Amazing Adventures in Hokkaido
The abundance of the natural environment, the lifestyles and culture of the people who live there – Hokkaido has many incredible stories that are as yet unknown.
In this column, we learn about the appeal of Hokkaido’s four seasons from the people who guide adventure tours there. We hope such stories enrich the time spent in Hokkaido, the next time you visit.
Column: Spring cycling - pink blossoms, yellow fields, white legs! -
Spring is the season of hope and anticipation after the long winter months in Hokkaido, particularly for cyclists. Even for those who continued riding in the snow and ice, spring is a time when heavy weights seem to have been lifted from your wheels and legs, and the thrill of speed returns.
For the more serious enthusiasts, the road season usually starts in March with trips down to the thoroughbred areas of Mukawa and Shizunai in the Hidaka region, where the winter months see less snow and therefore earlier tarmac. By April, most of the roads nearer Sapporo are free of snow but often remain wet from snowmelt, making shoe covers, mudguards and – if possible – an older, less pristine bike a more sensible choice. Despite the relatively mild spring temperatures, the cold winds rip through your lungs and, at first, your leg muscles burn with pain before the winter cobwebs are gradually shed along the way.
Occasional bone-dry roads flanked by pure white fields, often in the Sorachi region, are the holy grail at this time of year, but are few and far between given the exponential rate of the thaw. As the snow on the flatlands disappears, geese and swans can often be seen flying in V-shape formation or resting in fields as they stopover on their way back to Siberia. With not much off-road biking available around Sapporo until at least mid-April, we sometimes head to the Iburi region, to places like Muroran, Date and Shiraoi, where spring arrives a little earlier on the mountain trails facing Uchiura Bay.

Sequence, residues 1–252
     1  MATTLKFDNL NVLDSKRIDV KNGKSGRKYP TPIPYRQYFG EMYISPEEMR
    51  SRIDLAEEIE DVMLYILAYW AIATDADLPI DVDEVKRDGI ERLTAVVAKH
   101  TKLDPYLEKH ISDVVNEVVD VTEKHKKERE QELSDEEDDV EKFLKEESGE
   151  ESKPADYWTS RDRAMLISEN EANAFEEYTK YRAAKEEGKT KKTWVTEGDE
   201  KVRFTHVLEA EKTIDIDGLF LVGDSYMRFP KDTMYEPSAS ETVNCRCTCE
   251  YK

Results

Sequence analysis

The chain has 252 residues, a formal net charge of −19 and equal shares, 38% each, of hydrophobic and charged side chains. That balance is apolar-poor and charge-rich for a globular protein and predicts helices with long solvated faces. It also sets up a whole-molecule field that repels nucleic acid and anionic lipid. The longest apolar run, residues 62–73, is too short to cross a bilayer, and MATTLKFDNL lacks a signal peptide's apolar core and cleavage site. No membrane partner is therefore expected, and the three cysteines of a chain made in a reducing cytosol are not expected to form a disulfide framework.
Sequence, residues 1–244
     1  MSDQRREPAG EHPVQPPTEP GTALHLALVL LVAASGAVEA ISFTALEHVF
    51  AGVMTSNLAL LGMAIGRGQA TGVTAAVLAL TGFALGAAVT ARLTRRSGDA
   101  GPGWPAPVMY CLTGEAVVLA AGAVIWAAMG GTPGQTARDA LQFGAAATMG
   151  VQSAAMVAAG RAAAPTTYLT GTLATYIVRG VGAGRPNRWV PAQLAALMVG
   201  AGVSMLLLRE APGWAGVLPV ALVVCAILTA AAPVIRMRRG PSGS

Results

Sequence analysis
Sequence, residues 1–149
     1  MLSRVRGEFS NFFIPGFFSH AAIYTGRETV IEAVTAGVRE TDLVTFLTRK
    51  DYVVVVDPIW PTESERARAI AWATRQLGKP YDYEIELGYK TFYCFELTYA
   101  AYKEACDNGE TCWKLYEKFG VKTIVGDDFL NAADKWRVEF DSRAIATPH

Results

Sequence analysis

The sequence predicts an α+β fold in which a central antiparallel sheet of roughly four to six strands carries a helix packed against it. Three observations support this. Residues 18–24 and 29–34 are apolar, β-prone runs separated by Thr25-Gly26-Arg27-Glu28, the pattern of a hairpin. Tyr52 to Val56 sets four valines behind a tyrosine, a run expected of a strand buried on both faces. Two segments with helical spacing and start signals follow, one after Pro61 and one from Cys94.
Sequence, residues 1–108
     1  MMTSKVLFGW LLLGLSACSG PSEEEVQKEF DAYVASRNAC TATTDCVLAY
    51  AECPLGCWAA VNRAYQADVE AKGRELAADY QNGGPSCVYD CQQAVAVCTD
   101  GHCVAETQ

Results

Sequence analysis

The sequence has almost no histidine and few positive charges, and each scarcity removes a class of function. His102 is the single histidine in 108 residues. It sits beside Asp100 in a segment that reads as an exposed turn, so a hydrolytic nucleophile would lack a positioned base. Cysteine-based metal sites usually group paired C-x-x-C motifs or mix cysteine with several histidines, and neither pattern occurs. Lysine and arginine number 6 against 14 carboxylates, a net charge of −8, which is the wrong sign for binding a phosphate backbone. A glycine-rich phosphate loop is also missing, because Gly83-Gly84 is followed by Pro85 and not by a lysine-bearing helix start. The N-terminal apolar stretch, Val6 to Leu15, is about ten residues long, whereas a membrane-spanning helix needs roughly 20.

Before long, Golden Week – Japan’s long spring break – is just around the corner. The thick white carpet has been replaced by brown fields and occasional sparse patches of young, green wheat, which was sown in autumn and is now emerging from its blanket of snow. In Hokkaido, the plum and cherry blossoms bloom together, and it’s around this time I head not to the blossom viewing spots, where the crowds gather, but up the road to Jozankei, where the last of the snow remains in the foothills and the koi nobori (carp-shaped streamers) “swim” in the breeze of the ravine. One of my favourite roads in the central Hokkaido area stretches from the outskirts of Jozankei up to the disused Toyoha Mine. At this time of year, the usually gentle flow of the roadside Shirai River is boosted by the snowmelt. The trees are still bare, affording uninhabited views of the water and surrounding snow-clad mountains. The road is used only by the occasional rambler accessing the trailhead, or maintenance vehicles heading to the dormant mine, making for an idyllic, gentle climb and descent accompanied only by the sound of the stream.
By early May, it’s warm enough to shed the long tights and bare my legs – alarmingly white from being starved of sunlight for months. The cycling season has begun in earnest and life is good. On the plains, snow-capped mountains reflect in the paddies, freshly filled with water before the rice has been planted. Shocking-pink banks of moss phlox glow, almost fluorescently, by the roadside. During the post-Golden Week return to the grind, some of those who work in the cities experience the ‘May blues,’ but those with a bike and access to the countryside experience ‘May yellows’ in the form of meadows filled with countless dandelions or, later in the month, swathes of rapeseed fields in full bloom.
June heralds the arrival of summer and all its glory, but void of the heat and humidity that can hamper a ride. The sense of speed that was so strong in April has now been normalised, but the sense of anticipation remains. Spring may have sprung, but the best is yet to come!